Friday, 13 December 2013

Spinal Problems in Child: A Threat During Pregnancy

Birth defects associated with the spine and brain normally occur within the first month after conception. Mothers normally have no clue there is a problem until well into the pregnancy. When no other complications are experienced, the problems may go unnoticed until after the birth of the child.

Defects of the spine and central nervous system can result from a variety of issues. One of the most prominent is folic acid deficiency. Congenital defects are the result of inherited traits passed down from one or both parents to the child. While congenital defects can't be prevented, the use of a well-balanced multivitamin and proper diet can reduce the risk of defects caused by folic acid or other nutritional deficiencies.

Types of spinal abnormalities that develop during pregnancy include:

·         Spina bifida occurs when the base of the spine does not close properly as the fetus grows. Surgery can close the opening after the child is born but the risk of paralysis remains until the child matures sufficiently to allow adequate healing.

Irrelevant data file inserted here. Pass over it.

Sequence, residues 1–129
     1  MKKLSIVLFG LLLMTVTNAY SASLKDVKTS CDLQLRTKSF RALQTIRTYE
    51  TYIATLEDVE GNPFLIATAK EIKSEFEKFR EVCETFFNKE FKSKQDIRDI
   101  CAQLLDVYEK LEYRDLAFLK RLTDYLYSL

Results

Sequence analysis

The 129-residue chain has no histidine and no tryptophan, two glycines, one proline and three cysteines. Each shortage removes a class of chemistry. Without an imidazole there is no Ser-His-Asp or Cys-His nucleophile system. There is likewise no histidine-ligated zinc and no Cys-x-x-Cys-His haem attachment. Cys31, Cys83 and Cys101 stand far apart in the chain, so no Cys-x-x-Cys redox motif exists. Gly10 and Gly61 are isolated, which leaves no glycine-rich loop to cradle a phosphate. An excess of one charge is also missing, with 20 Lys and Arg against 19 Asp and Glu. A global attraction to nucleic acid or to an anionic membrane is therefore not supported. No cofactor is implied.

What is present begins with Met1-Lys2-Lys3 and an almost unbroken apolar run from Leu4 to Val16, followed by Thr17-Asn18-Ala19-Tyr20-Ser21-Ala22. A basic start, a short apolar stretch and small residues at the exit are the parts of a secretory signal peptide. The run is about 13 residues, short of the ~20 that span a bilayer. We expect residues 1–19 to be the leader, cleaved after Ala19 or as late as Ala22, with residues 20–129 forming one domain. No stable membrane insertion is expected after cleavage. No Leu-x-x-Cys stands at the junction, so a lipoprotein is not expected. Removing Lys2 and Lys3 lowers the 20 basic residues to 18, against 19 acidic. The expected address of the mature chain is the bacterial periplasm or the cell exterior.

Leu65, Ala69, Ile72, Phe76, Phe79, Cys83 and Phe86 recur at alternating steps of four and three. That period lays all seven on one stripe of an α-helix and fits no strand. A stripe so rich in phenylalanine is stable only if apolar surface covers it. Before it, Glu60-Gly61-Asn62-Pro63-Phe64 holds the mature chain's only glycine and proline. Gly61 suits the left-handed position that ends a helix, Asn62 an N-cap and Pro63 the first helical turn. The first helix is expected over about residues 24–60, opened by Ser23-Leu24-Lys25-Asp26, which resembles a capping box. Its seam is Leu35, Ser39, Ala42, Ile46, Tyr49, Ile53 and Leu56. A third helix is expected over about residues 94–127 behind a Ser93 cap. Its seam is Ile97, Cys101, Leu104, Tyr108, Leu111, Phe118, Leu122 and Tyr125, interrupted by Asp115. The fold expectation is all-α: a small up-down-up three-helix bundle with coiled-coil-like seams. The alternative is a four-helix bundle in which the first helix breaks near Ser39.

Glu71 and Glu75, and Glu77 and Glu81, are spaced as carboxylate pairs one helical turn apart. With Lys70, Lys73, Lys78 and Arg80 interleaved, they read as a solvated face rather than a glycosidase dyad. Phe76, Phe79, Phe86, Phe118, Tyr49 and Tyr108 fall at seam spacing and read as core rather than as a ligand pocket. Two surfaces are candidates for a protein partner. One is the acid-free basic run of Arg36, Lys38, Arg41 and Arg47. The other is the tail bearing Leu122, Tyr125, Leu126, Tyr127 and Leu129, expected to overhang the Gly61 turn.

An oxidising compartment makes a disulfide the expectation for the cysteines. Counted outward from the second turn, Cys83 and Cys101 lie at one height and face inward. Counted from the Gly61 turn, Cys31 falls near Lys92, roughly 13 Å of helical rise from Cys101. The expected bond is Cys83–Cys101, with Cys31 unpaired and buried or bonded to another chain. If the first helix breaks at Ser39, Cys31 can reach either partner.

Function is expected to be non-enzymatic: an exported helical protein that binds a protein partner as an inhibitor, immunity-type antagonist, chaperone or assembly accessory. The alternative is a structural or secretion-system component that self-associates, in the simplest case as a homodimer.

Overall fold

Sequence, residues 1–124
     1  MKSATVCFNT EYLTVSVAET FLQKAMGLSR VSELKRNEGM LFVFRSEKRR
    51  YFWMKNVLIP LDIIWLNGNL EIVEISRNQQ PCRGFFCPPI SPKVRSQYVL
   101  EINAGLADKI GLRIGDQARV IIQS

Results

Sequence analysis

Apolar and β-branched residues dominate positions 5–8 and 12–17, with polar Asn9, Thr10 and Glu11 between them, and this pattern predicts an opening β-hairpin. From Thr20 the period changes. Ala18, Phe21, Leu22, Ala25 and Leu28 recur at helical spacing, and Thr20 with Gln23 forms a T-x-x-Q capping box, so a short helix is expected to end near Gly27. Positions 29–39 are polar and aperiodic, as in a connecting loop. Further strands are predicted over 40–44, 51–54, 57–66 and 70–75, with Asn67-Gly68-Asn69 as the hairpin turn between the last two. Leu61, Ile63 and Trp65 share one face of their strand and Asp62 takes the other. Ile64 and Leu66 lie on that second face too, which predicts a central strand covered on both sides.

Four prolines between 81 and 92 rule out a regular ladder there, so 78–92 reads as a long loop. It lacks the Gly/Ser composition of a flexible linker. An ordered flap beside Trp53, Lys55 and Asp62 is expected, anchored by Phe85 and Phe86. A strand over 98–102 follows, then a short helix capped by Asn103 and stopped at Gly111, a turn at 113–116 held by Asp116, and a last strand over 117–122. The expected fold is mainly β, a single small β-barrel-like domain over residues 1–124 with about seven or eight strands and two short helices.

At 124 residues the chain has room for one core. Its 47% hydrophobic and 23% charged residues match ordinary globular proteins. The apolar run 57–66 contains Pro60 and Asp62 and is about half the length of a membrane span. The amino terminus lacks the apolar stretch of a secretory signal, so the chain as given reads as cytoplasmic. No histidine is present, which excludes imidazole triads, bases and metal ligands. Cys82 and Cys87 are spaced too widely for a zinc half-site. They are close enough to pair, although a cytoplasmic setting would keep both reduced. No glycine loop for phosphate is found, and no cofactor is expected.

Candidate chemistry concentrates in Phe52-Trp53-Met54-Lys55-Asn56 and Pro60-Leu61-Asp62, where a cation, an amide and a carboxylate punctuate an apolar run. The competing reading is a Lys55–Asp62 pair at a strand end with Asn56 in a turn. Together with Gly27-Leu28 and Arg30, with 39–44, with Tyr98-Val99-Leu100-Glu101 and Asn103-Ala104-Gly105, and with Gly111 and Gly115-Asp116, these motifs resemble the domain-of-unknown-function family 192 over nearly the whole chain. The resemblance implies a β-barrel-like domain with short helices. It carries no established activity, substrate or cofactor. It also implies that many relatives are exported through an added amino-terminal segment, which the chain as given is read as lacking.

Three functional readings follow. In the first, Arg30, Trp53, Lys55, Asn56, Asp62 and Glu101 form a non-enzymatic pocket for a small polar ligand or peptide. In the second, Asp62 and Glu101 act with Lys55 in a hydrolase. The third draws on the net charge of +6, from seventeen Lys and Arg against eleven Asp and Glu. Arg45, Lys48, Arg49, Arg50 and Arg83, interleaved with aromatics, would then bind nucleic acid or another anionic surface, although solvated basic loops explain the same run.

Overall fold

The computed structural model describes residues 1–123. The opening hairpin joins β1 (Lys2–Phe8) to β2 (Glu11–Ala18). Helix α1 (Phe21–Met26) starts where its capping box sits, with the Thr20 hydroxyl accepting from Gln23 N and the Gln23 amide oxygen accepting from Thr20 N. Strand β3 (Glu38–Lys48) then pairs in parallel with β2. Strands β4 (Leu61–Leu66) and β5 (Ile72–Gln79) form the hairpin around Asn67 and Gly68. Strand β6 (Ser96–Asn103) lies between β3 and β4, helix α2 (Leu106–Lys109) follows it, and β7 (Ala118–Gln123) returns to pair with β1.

·         Scoliosis/kyphosis is a curvature or twisting of the spine. An infant's spine is normally curved like a half moon but infants can display the traits of scoliosis and kyphosis shortly after birth.

·         Various other neural tube defects include anencephaly. Infants born with anencephaly are generally still born or die within a few hours of their birth. With this defect, the brain and skull do not develop completely or form abnormally.

·         Chiari malformation is a condition in which brain tissue protrudes out beneath the skull and enters the spinal column.